Eric Smith left his home in Cedar Bluff, Virginia, around 10 a.m. on November 8, 2013. After telling his wife that he would see her later that day, the 41-year-old man left for the country to go hunting in the morning. The deer stand he owned was about a mile from their house, so his wife thought he was going there. Soon after Eric left, his wife and one of their two daughters went to Buchanan County to spend the day with his mother-in-law. Eric wasn’t at home when they got back to Cedar Bluff early that night.

During the days before his hunting trip, Eric wasn’t feeling well—he had flu-like symptoms—so when he wasn’t home by sunset, his wife was worried. Eric didn’t bring his cell phone with him when he left the house that morning because he didn’t plan to be gone for long. This meant that his wife couldn’t reach him.

His wife became more worried as night fell. Dreama Smith, Eric’s mother, was going to a nearby church service on Friday night, so she drove there to see if anyone in Eric’s family had heard from him that day. Drea knew something was wrong as soon as she saw her daughter-in-law. She and her family members left church right away. “People from church followed us straight to Eric’s house.” People were looking for him in the woods when they got there.

Afternoon temperatures had been mild, reaching highs in the fifties. But as night fell, temperatures dropped sharply, and Eric’s wife decided to call the police and say her husband was missing.

The police began looking for Eric right away. At night on Friday, police, firefighters, and community volunteers searched the area around his home but couldn’t find the missing man. David Mills, the chief of police in Cedar Bluffs, said that the fact that Eric was wearing camouflage hunting clothes made the ground search harder. “It would be impossible to see him if he was lying down.” A Virginia State Police helicopter with FLIR thermal vision flew over Eric’s 40-acre property several times because they were afraid he might be hiding in the thick bushes. The air search didn’t find anything, which was a shame.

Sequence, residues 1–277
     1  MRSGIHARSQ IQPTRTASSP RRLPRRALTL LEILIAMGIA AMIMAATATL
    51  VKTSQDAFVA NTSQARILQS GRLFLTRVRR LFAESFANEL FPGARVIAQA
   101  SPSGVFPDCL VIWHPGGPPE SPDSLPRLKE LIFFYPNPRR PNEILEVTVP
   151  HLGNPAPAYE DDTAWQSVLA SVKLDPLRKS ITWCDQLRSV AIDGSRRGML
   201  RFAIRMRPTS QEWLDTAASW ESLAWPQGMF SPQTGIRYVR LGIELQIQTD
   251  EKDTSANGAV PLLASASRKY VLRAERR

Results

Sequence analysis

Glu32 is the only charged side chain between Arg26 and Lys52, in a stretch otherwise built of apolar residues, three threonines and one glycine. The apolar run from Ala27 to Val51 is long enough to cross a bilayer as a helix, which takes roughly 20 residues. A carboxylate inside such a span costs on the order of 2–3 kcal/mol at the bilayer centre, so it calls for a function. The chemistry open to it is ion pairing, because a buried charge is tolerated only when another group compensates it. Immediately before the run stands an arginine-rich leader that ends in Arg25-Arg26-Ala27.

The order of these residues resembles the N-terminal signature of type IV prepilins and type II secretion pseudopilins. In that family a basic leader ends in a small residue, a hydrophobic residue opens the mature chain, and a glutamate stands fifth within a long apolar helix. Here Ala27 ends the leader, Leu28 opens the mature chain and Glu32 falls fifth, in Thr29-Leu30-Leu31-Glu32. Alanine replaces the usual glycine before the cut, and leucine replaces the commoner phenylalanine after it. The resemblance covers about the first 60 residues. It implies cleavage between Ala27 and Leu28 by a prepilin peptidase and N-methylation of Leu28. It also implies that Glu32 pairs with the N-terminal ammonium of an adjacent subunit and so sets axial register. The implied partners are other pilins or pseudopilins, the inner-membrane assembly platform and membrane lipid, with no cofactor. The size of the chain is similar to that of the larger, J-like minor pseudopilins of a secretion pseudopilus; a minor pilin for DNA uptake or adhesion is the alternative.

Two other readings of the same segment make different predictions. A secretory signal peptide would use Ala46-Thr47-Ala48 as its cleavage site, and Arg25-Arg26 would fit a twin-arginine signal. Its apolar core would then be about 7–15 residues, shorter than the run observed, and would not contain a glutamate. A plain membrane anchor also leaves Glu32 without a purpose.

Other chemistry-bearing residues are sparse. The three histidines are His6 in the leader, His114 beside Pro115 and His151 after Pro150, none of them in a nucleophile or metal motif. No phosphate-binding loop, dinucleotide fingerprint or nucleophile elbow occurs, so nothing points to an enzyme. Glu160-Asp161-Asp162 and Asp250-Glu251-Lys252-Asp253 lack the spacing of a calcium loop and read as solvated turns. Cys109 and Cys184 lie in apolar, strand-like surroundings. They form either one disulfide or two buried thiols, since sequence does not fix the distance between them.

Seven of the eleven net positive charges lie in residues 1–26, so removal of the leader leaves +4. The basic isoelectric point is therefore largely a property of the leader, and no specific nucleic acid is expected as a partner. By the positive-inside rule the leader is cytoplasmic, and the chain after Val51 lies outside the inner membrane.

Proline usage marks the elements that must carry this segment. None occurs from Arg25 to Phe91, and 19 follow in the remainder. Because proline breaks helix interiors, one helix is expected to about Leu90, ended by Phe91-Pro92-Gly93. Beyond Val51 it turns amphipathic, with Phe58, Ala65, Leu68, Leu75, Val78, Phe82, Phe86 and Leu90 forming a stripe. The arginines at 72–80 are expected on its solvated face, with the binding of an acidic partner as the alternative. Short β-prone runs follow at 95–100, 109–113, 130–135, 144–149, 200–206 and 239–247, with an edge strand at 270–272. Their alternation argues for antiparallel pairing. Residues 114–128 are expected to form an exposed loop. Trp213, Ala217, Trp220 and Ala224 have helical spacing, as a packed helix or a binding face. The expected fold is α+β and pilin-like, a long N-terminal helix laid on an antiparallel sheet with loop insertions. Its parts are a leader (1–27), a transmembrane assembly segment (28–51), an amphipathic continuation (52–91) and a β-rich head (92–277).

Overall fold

On Saturday, the search for Eric got tougher when the Virginia State Police and the mine rescue team from the Consolidation Coal Company joined the group looking for him. Eric had worked for Consolidation for a long time and had been on the same mine rescue team that helped with the search. They worked hard to find their friend and coworker who had gone missing. One member of the team, David Queensberry, said that they were trained in search and rescue and would look for any missing person. But he also said that the search for Eric was more personal. Richard is one of us. He’s a member of our family.”

James Brown, a firefighter and councilman from Cedar Bluff, had nothing but good things to say about the mine rescue team. He pointed out that they stayed in a shoulder-to-shoulder formation while they searched to make sure they didn’t miss anything in the rough terrain. “They have no fear. That person is too far away if they can’t see the top of their foot next to them. The mine rescue team kept looking for Eric for a long time after many of the volunteer searchers had to go back to their families and jobs. It broke their hearts that they couldn’t find any signs of what might have happened to him.

Six tracking dogs were brought in to help with the search. The dogs were able to pick up several scent trails that led away from Eric’s house and at least one that led back to it, but it wasn’t clear which one was the most recent. Eric wasn’t found on any of the trails.

The only gun Eric had with him when he left the house that morning was the 50-caliber muzzleloader he used to hunt deer. The experienced hunter was thought to have at least one shot ready, so explosives detection dogs were brought in to try to pick up on the smell of gunpowder. Even though the dogs looked for Eric and his muzzleloader for hours, they couldn’t find them.

After searching for almost a week, they found nothing on more than 800 acres of land near Cedar Bluff, Richlands, Claypool Hill, and Kent Ridge Road. Even though a lot of work went into the search, no clues were found about where Eric was. The search for the missing hunter was put on hold by the authorities on November 14. However, they said they would keep looking into any new leads they got.